The Music

Since the book is about music, it seems a shame not to include a little. Here is Mozart’s Oboe Concerto, just to give a sense of what Tindall’s instrument (did I mention she’s an oboist?) sounds like:

“An ill wind that no one blows good,” as a repeated joke in the book has it.

One of Tindall’s boyfriends has a particular fondness for Mahler’s Fifth; here’s a version conducted by Leonard Bernstein, who also features in the book:

Though I find this version by von Karajan more compelling, particularly the first movement:

Bonus Pop-Culture Tie-In

Mozart in the Jungle has recently been used as the basis for a TV series by Amazon. I haven’t watched it, but here’s the trailer:

My impression, based on that, is that the show bears little relation to the actual content of the book, but really just uses the subtitle as the jumping-off point for a largely fictionalized narrative. Still, it might be fun.

Mother Runs Off … to Canada


James Lees-Milne, Another Self (1970)

Another Self is generally referred to as a “semi-autobiographical novel,” though today, no doubt, it would just be marketed as a “memoir”. Lees-Milne is best-known as a diarist – a number of volumes of his diaries have been published – and as a key figure in the early years of the National Trust, and was also a member of the Mitford circle. (There are similarities between his description of his father in this book and the father figure in the work of Nancy and Jessica Mitford.) Another Self gives an account of his childhood and youth, the idea behind the title apparently being that the person he was then is no longer the same as the person who wrote this book.

The reference to Canada comes at a point in the book when Lees-Milne is describing how his parents reacted to his lack of success at Eton:

My housemaster recommended that there was little point in my remaining at school beyond the summer half. Eton, he hinted, could do little further for me, and I might just as well make room for some other boy who would benefit from it. My father was naturally in a blazing temper. My mother who could not face up to the recriminations which, she explained, would only make her ill, kissed me fondly goodbye, and sailed away to Canada.  (45)

There is something about that scene – not romantic precisely – but melodramatic, I think. The threat of illness, the fond kiss, the abrupt departure for a distant location – these elements seem borrowed from the Victorian stage and make this moment feel not so much natural as constructed for effect – though whether constructed by the author or by his mother is hard to say.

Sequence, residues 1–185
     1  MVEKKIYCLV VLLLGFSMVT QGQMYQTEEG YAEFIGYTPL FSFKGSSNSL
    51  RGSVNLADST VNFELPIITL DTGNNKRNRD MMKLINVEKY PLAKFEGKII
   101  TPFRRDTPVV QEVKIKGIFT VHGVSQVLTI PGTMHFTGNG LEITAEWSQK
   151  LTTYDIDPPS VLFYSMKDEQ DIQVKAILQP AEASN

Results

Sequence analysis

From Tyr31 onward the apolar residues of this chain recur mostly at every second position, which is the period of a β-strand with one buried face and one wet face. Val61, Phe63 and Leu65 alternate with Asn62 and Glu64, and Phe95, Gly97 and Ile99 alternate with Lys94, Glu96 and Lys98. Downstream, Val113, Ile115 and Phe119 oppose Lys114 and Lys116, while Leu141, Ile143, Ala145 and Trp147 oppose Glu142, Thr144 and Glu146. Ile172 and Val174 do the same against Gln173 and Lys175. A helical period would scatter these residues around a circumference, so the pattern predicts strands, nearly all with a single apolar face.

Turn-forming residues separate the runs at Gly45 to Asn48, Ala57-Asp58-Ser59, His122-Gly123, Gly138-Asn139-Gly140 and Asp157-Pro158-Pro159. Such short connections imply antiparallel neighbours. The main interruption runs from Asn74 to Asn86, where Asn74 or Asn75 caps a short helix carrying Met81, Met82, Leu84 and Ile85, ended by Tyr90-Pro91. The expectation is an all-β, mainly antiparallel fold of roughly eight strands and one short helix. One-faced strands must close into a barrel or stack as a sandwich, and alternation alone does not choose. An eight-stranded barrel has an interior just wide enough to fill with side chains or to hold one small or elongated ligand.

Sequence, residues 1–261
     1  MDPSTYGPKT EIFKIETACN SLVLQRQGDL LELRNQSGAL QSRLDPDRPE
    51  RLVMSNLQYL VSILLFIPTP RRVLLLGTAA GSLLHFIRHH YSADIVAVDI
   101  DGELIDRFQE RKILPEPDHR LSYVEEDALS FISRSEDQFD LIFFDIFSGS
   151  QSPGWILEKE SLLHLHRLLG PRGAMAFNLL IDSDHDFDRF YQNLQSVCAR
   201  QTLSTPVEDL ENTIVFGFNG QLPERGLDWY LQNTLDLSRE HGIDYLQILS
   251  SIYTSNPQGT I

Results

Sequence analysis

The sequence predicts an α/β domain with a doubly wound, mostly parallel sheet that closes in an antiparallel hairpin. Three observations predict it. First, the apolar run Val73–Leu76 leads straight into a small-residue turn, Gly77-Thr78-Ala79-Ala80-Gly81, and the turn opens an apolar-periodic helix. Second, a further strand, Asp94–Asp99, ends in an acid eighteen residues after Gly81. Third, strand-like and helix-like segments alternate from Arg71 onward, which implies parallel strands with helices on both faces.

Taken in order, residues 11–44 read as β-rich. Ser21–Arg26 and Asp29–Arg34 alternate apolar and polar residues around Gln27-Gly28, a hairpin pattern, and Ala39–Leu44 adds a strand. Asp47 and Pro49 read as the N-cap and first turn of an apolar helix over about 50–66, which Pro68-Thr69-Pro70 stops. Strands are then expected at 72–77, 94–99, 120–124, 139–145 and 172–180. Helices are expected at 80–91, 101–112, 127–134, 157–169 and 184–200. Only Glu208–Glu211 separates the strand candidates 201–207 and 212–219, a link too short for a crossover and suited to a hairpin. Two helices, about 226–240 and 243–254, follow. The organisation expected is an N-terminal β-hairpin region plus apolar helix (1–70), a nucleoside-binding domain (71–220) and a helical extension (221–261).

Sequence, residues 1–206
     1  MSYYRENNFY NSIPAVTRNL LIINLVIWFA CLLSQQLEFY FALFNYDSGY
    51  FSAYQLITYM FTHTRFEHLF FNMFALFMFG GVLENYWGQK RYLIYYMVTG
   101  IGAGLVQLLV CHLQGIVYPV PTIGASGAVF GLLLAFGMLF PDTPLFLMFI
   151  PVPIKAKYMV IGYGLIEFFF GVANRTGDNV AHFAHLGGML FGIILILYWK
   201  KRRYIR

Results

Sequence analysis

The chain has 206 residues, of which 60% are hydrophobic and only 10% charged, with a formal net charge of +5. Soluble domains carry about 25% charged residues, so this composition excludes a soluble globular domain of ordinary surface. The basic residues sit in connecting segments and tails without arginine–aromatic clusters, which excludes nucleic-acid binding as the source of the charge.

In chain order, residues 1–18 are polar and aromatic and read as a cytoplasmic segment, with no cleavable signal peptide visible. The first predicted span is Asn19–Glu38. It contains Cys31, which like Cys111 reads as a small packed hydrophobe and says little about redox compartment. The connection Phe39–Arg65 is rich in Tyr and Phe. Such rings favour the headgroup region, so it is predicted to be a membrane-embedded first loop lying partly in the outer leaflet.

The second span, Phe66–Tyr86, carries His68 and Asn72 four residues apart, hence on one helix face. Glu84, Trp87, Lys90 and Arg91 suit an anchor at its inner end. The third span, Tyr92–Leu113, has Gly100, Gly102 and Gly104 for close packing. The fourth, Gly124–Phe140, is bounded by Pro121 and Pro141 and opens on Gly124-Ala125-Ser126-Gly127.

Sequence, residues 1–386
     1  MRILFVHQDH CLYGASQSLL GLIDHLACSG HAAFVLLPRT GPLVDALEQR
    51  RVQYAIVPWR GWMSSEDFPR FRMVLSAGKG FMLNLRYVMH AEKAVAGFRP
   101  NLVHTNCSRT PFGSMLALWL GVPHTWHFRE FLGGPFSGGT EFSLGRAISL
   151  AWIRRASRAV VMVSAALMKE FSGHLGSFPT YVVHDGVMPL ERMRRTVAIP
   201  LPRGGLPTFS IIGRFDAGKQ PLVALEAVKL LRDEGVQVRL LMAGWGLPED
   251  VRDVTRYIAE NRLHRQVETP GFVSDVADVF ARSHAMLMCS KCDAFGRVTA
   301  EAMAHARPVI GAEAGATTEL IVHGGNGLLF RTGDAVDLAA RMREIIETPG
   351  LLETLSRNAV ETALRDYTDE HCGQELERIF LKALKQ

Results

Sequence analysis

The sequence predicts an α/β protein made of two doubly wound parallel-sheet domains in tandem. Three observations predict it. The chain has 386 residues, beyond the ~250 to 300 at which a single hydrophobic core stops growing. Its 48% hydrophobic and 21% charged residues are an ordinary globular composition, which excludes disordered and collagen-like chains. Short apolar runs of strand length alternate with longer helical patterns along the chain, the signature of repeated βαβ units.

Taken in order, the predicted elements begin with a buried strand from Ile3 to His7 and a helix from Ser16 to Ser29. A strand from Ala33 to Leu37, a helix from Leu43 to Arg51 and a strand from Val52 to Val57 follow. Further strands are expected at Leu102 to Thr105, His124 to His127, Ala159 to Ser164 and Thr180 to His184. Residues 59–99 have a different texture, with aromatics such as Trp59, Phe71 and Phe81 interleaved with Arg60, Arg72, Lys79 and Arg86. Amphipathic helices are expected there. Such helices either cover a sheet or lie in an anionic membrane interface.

Canada’s emphatic placement at the end of the paragraph makes our country the dramatic culmination of the whole passage – it is this departure to Canada that the narrative leads up to. And yet Canada itself remains mysterious. Why does she sail to Canada? What does she do there? We are never told. The name of our country simply sits on the page, unexplained and, perhaps, inexplicable.

Of course, as a (former) British colony, Canada would offer at least some of the comforts of familiarity to Lees-Milne’s mother: she would be able to speak the language and so on. We could almost imagine Canada as a sort of sanatorium, maintained by the Empire, where Englishwomen can go when they need a break from life at home. After a few months in the colonial wilderness, no doubt, whatever problems they had back in England will begin to look relatively minor.

And in fact, in the next chapter the narrator’s mother is back in England, and no reference to Canada is ever made again. We can speculate about the reasons behind the journey – did she have a lover there, or a lover who was going there? She had already run – or more accurately, flown – off with a balloonist before the abrupt departure to Canada, so something along those lines is possible – but we are never told.

Canada is the means by which the mother dramatically gives up on life and escapes from reality, but only temporarily. Sailing to Canada is not a real decision with irrevocable consequences; it is, rather, a gesture that conveys the mother’s mental and emotional state at that particular moment in time, but can always be retracted later. For her, living in Canada is a momentary aberration, not a permanent state.